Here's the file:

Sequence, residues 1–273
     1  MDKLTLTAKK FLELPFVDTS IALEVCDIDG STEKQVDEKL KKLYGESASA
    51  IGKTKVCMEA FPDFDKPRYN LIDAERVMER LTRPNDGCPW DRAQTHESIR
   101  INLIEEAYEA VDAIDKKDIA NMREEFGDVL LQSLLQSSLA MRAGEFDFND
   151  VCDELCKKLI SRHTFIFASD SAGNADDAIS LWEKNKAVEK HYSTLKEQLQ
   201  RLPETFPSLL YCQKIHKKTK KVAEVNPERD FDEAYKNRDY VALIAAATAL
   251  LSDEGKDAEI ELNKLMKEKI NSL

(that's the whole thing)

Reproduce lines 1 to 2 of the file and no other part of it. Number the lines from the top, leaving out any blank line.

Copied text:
Sequence, residues 1–273
     1  MDKLTLTAKK FLELPFVDTS IALEVCDIDG STEKQVDEKL KKLYGESASA